Battery life on the iGear Evoke will vary based on your media source and also usage conditions, since it’s always able to charge itself using its solar panel even when in use. That said, using it will drain the battery much quicker than it can recharge itself, and I was able to use the speaker for around 10 hours when connected to Bluetooth and playing music at moderate volumes before the battery ran out.
Lots of connectivity options, but unsatisfactory sound quality on the iGear Evoke
While the iGear Evoke is unique in many ways, the speaker falls short of expectations when it comes to sound quality. The sound tended to be acceptable or below average depending on the music source, but even at its best, the sound had its weaknesses. That said, I didn’t find it unpleasant for casual listening at home – it seemed like a warm, fuzzy sound that matched the retro look of this speaker.
FM radio sounded considerably less refined and clean compared to music streamed digitally via Bluetooth or MP3 files played from local storage media. I noticed lots of crackling and distortion in the radio reception even with the antenna fully extended in an open area and the volume at moderate levels. Bluetooth and audio played from a USB drive naturally sounded a lot cleaner, but the sound was still dull and lacking in excitement and detail.
Although there is a dial for tuning radio frequencies, the iGear Evoke manages to lock onto stations automatically without much effort. When using digital connectivity, the four physical buttons on the front can be used to control music. A small display might have been useful to show the track being played and other information such as the battery level, but I wouldn’t hold the absence of this against the iGear Evoke at this price.
Listening to Boom by Tiesto with the speaker connected to my smartphone using Bluetooth, the strong beat of the track sounded less like bass and more like popping sounds. The track had a strange feeling of roughness, and many other bass-heavy tracks also sounded muddy and awkward. With the house classic So Right by Jetlag and Axwell, it felt as though a thick quilt had been placed over the speaker, making a muffled mess of this otherwise lively track.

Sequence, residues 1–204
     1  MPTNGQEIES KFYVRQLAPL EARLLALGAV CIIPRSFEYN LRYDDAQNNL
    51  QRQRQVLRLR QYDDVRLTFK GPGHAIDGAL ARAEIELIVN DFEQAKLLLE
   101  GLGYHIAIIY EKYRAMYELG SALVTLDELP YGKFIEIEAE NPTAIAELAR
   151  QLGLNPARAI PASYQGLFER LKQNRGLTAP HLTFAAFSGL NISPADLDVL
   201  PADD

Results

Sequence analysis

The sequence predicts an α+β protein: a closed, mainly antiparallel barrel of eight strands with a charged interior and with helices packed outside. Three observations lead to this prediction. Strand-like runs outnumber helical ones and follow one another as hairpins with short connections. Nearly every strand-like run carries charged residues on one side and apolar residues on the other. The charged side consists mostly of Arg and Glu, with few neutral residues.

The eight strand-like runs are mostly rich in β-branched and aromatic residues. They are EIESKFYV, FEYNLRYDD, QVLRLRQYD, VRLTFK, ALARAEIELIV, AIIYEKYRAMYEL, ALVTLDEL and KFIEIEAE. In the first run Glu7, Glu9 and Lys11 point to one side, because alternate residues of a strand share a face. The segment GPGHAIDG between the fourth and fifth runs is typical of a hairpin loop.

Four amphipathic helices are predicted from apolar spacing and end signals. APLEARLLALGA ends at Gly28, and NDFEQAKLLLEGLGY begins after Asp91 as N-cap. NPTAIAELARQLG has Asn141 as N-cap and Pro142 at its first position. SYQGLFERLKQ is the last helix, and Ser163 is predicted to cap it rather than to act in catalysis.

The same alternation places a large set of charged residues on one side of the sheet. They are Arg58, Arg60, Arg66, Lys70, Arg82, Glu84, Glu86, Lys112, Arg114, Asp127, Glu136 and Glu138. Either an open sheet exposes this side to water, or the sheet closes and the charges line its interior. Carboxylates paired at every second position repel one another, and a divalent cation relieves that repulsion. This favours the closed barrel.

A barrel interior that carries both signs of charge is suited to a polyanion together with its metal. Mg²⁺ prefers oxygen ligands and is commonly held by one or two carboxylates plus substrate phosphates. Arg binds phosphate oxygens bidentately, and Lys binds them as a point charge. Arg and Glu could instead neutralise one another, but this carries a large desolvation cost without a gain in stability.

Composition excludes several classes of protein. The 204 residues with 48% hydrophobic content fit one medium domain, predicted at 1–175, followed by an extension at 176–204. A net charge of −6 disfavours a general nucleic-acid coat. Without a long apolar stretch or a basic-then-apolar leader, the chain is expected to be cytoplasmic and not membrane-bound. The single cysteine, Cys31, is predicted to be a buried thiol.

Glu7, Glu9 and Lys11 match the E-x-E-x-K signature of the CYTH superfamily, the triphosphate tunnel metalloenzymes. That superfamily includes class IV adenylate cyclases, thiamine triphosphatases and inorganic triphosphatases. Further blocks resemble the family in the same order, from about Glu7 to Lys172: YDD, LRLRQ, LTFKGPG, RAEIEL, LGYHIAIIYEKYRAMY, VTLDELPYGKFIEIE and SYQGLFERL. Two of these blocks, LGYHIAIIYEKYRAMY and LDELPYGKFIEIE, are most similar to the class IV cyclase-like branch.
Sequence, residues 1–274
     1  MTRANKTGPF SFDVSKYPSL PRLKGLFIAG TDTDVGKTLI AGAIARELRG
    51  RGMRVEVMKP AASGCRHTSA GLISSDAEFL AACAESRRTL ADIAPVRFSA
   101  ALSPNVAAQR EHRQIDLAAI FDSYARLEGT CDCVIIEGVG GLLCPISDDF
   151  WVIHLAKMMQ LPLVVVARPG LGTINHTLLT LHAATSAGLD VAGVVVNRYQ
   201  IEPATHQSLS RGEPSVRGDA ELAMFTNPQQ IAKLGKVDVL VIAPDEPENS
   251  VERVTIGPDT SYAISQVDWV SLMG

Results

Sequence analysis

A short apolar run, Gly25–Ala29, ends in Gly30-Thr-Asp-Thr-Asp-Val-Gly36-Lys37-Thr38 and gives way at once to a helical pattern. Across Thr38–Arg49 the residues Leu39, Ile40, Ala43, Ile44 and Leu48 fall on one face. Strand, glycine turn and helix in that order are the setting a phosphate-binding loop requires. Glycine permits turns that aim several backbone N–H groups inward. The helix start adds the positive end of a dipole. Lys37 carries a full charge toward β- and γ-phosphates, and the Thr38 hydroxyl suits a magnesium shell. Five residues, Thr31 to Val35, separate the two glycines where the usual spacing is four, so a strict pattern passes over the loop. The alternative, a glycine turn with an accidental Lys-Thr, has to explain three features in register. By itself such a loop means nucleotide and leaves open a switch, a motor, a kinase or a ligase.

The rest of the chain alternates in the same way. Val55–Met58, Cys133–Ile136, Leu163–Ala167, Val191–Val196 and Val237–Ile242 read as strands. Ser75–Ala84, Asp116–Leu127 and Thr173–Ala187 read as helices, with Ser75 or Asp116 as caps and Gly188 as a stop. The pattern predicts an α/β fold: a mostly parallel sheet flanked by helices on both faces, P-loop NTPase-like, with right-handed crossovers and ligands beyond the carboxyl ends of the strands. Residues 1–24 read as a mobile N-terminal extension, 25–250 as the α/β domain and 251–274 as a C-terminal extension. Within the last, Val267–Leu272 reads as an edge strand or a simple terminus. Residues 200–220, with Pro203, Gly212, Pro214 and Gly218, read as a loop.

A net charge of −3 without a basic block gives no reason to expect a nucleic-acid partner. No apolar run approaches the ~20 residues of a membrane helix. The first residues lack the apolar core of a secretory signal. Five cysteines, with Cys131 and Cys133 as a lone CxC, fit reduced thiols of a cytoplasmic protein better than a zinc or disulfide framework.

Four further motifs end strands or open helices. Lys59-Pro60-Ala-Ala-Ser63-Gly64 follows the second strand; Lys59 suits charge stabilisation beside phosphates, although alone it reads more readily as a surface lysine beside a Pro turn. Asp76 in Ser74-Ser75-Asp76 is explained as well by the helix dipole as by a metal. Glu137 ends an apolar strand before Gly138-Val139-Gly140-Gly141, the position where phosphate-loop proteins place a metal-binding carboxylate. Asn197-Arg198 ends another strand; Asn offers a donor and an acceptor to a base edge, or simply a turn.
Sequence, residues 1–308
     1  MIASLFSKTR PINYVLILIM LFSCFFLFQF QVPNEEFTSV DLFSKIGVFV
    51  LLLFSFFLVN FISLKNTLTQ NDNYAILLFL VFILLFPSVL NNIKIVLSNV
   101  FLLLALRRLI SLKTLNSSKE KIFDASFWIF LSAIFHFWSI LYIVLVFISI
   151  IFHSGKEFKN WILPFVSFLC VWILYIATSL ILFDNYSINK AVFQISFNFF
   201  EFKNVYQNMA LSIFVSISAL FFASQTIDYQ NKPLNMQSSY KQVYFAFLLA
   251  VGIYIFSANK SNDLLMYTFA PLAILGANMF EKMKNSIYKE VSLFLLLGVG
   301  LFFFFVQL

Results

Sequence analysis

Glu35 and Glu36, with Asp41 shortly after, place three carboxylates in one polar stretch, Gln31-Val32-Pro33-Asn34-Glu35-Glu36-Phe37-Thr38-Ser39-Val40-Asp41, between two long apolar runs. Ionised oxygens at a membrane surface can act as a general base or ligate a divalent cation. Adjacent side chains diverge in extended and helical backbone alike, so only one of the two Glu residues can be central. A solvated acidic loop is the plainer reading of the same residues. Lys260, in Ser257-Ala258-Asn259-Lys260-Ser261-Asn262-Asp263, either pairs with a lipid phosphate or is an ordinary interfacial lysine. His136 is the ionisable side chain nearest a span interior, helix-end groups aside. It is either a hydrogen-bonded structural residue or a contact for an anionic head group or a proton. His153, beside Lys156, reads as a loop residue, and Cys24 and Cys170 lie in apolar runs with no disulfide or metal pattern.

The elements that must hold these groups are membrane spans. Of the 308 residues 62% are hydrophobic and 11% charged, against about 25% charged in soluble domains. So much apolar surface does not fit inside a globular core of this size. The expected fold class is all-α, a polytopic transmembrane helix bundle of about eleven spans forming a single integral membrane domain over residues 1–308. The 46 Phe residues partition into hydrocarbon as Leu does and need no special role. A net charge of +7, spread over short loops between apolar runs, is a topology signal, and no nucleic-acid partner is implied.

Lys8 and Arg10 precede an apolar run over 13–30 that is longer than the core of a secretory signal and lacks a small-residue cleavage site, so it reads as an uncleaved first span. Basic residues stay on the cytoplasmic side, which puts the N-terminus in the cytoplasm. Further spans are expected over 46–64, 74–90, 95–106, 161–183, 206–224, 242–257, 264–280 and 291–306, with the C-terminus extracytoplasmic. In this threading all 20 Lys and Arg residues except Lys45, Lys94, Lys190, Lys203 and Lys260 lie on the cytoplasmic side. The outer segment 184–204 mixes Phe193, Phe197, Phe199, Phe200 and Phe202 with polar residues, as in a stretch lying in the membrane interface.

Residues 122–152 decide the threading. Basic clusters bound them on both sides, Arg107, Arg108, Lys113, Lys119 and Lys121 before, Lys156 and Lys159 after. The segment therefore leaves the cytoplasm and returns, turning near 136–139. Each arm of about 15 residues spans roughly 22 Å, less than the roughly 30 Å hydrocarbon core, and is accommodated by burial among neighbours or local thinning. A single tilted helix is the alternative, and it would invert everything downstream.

Even with the volume at moderate levels for music played from a USB drive, the highs sounded a bit shrill and excessive, vocals felt muffled, and there were strange volume spikes that quickly caused listener fatigue. All along, there was barely any detail to be heard in any of the tracks I tried. For all of its connectivity options and features, unfortunately the iGear Evoke just does not deliver good sound quality.
There are many affordable wireless speakers offering decent features, but the iGear Evoke stands out for a couple of key reasons – its retro design and ability to charge itself using solar energy. It also helps that the speaker can be used to charge other gadgets, and it offers a variety of connectivity options. The only real drawback here, which unfortunately is a critical one, is sound quality.
There’s no delicate way to put this: the iGear Evoke falls far short of the competition when it comes to sound quality, with dull, muddy performance across sources. It might be worth considering this speaker anyway if you just want a simple device for casual listening, or if you find the solar charging and radio connectivity useful. If you want to enjoy your music though, the Rs. 2,499 Mi Portable Bluetooth Speaker (16W) is much louder and performs considerably better.